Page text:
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  1. #1
    Join Date
    Oct 2007
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    4

    Entity relationships - what's correct

    Let's say I have two entities, A and B that look like:

    Entity A
    --------
    ID - int primary key
    B_ID int foreign key references Entity B (ID)

    Entity B
    --------
    ID - int primary key
    A_ID int foreign key references Entity A (ID)

    The relationship can be established either when you create or update entity A or create or update entity B.

    My problem is that with this design, I have to know that when I update entity A to relate to entity B, I also have to update entity B to reflect this relationship. Same thing when I update entity B first.

    Is there a better design strategy for this?

  2. #2
    Join Date
    Apr 2002
    Location
    Toronto, Canada
    Posts
    20,002
    Quote Originally Posted by lfoulkrod
    Is there a better design strategy for this?
    can't answer that question without knowing what you're trying to do

    having A relate to B and also B relate to A is very, very unusual

    perhaps you could either (1) tell us your real tables and columns, so that we could understand the relationships better, or (2) give examples of several rows of actual data so that we can understand the relationships better
    rudy.ca | @rudydotca
    Buy my SitePoint book: Simply SQL

  3. #3
    Join Date
    Oct 2007
    Posts
    4

    re: Entity relationships - what's correct

    The real tables are types of assets, a computer for example. Table A represents a legacy asset, one that will be replaced by table B, the new asset. So they would look like:

    Legacy Asset
    -------------
    LAID int primary key
    Manufactuer
    Model
    etc...

    New Asset
    -----------
    NAID int primary key
    Manufacturer
    Model
    etc....

    Now when you enter a new asset into the system you can associate it with a legacy asset, but the same is true for when you enter a legacy asset in the system, you can associate it to an existing new asset. The relationship between assets is one to one.

  4. #4
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    Quote Originally Posted by lfoulkrod
    The relationship between assets is one to one.
    ah, well, that's okay then

    rudy.ca | @rudydotca
    Buy my SitePoint book: Simply SQL

  5. #5
    Join Date
    Oct 2007
    Posts
    4
    It still seems kind of funky to me to have to update both tables when I create an association between the two entities. It seems more natural and less error prone to have the relationship defined in a single place. Right now it is:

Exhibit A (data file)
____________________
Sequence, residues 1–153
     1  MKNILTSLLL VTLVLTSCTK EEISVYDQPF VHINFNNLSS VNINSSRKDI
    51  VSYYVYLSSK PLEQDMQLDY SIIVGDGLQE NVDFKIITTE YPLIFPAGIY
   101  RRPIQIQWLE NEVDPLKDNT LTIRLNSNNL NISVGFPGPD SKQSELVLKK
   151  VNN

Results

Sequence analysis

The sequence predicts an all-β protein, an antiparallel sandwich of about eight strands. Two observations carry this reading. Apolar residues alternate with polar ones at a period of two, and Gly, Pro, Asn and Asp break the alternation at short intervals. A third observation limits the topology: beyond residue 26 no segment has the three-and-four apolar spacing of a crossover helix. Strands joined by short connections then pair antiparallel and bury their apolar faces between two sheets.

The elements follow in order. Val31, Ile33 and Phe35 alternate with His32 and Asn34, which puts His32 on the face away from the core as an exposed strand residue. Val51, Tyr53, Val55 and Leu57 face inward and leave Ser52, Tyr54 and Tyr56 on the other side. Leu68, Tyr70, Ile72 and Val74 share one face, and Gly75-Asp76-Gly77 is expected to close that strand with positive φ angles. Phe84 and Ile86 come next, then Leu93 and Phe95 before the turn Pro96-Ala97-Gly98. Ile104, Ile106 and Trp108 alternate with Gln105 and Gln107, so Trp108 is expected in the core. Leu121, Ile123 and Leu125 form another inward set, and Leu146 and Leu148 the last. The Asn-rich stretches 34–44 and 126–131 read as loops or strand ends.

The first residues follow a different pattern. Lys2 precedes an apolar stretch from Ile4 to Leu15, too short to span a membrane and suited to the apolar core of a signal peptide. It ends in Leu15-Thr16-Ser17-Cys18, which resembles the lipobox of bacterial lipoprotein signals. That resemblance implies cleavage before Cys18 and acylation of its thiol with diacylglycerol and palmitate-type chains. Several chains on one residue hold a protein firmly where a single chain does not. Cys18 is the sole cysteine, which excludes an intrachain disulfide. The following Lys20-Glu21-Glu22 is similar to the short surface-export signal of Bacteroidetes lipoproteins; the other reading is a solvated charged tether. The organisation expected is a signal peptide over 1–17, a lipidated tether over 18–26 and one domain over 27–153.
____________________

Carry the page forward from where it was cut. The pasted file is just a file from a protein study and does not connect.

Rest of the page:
LegacyAsset
    ------------
    LAID int primary key
    NAID int foreign key (NewAsset.NAID)

    NewAsset
    ---------
    NAID int primary key
    LAID int foreign key (LegacyAsset.LAID)

  6. #6
    Join Date
    Jun 2003
    Location
    Ohio
    Posts
    12,592
    Quote Originally Posted by r937
    ah, well, that's okay then
    It doesn't get my stamp of approval. How do you ensure that the correct records are pointing at eachother? Can an asset be replaced by more than one asset? Can an asset replace more than one asset? For instance, a fax and a printer could be replaced by a single faxprinter. How would that be represented.
    I do not think this is a good database design.
    If it's not practically useful, then it's practically useless.

    blindman
    www.chess.com: "sqlblindman"
    www.LobsterShot.blogspot.com

  7. #7
    Join Date
    Oct 2007
    Posts
    4
    The current requirements is that one asset is replaced by another single asset. A fax by a fax, a printer by a printer. I didn't think it was good database design, that's why I created this thread and asked for suggestions on the correct design, do you have any suggestions?

  8. #8
    Join Date
    Sep 2002
    Location
    UK
    Posts
    5,171
    My syggestion would be:

    LegacyAsset
    ------------
    LAID int primary key

    NewAsset
    ---------
    NAID int primary key
    LAID int foreign key (LegacyAsset.LAID)

    i.e. there is only one relationship, not two.

    To query which new asset replaces old asset 123

    Code:
    select naid from newasset where laid=123;
    To query which old asset was replaced by new asset 456

    Code:
    select laid from newasset where naid=456;
    What more do you need?

  9. #9
    Join Date
    Jun 2003
    Location
    Ohio
    Posts
    12,592
    Quote Originally Posted by lfoulkrod
    The current requirements is that one asset is replaced by another single asset. A fax by a fax, a printer by a printer. I didn't think it was good database design, that's why I created this thread and asked for suggestions on the correct design, do you have any suggestions?
    I suggest you reevaluate your requirements, because that seems pretty ignorant of real-life business rules to me.
    If it's not practically useful, then it's practically useless.

    blindman
    www.chess.com: "sqlblindman"
    www.LobsterShot.blogspot.com

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